Wednesday, September 07, 2005

Coffeepot thoughts

When we packed and prepared for our extended travels we decided to deep six the electric coffeemaker and replace it with a low tech alternative. We brought along an old metal percolator coffeepot instead. You know, the kind that heats water into steam that pushes the hot water up a tube where it falls through the coffee basket and into the main compartment? We haven't missed the electric coffemaker at all. And how sweet to my ears is the sound of the percolating coffee that my husband prepares each morning!

From my husband you'd get a different story. He was sick of breaking the glass coffee carafes and having to buy a whole new coffeemaker just because the carafe was broken.

My Aunt Arline had a percolator coffeepot. One of my favorite childhood memories of her is when she made me a bowl of vanilla ice cream and absolutely drenched it in Hershey's chocolate syrup. Chocolate was my favorite and I was in hog heaven.

If you were to speak to her she would very soon point out that her son is perfect, everything her daughter-in-law does is amazing, and woe unto you if you inquire after any of her grandchildren. They are the best, the smartest, most clever, prettiest, etc. They are truly the light of her life; the center of her heart and her being. And for twenty years she took the best of care of my Grandma, her mother. They lived next door to each other and Aunt Arline's daily assistance enabled my grandmother to live a contented, independent life long after my grandfather passed on.

Aunt Arline has Alzheimer's now. She's been placed in a nursing home. I feel so badly for her. Like a broken record, over and over she constantly demands to go home. She claims she has got to go home to take care of Mom and Dad. This wears out her family. Her home has been sold. She hasn't been told it's been sold, but even if she was she's no longer coherent enough to understand what it means.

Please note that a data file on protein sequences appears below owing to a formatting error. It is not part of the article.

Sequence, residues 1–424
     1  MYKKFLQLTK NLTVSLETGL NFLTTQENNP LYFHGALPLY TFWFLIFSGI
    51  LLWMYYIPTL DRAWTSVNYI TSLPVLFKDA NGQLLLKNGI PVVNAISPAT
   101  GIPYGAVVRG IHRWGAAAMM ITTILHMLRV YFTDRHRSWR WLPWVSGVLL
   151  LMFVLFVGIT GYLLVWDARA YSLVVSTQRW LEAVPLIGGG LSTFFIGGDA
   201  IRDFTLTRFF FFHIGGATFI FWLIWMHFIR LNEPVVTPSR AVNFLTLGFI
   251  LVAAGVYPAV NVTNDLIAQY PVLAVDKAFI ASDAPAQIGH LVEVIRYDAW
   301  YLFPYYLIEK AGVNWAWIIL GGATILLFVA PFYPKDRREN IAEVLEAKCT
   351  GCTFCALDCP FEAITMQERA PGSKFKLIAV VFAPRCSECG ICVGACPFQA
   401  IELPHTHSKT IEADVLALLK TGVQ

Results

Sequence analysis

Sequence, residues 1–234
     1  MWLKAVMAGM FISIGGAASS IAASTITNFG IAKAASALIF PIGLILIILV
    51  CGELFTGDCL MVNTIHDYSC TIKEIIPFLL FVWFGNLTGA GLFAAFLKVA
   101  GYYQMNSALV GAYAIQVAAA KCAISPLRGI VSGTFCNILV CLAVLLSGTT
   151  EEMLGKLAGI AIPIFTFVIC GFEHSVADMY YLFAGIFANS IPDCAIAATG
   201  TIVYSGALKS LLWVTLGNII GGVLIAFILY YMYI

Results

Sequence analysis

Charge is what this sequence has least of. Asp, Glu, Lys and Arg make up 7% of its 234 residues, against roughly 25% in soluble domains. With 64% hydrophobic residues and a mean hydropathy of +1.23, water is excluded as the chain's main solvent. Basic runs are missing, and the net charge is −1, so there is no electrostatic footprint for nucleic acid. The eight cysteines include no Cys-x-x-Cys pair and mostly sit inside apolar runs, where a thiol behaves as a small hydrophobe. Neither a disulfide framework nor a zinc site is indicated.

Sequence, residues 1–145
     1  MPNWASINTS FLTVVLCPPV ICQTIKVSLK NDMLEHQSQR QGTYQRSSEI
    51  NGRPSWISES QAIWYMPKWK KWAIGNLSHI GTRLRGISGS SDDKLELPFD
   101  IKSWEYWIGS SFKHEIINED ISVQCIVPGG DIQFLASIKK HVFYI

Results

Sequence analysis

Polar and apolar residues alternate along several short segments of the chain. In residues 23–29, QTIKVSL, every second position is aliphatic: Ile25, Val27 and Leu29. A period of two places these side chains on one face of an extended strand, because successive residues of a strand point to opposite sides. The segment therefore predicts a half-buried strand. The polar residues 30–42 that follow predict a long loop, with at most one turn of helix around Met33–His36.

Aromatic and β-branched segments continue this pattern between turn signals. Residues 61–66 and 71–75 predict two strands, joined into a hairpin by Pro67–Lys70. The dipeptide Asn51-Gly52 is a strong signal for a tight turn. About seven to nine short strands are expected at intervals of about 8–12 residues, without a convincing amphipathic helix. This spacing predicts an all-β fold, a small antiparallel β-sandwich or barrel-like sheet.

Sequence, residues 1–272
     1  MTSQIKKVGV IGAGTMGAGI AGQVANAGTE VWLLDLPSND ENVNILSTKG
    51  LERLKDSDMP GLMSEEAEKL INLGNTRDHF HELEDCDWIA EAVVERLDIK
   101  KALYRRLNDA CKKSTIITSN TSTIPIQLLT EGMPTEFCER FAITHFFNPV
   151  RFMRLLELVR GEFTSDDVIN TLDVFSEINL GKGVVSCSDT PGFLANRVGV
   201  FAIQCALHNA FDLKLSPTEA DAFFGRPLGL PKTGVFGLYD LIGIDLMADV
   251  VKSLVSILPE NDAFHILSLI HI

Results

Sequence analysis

She kicked a nurse and demanded to go home and again they've readjusted her medication. My heart breaks for her and for my cousins.

So when I scrub the coffeepot each night I think of her. All my memories of her wash over me. I bend down to empty the coffee grounds in the garbage can and I wonder how many times she must have done the very same thing. I recall the dozens of summers we lounged in her air conditioned living room wasting the days, because we had days to waste. How many hot Nebraska days did we all spend sitting and talking around her dining room table, while she kept the coffee cups filled? I would like to relive one of those days now.

I remember I was struck by how soft her cheek was when I hugged her at Grama's funeral and how nice she smelled. I ponder the sad ending that Alzheimer's brings. An ending no one deserves.

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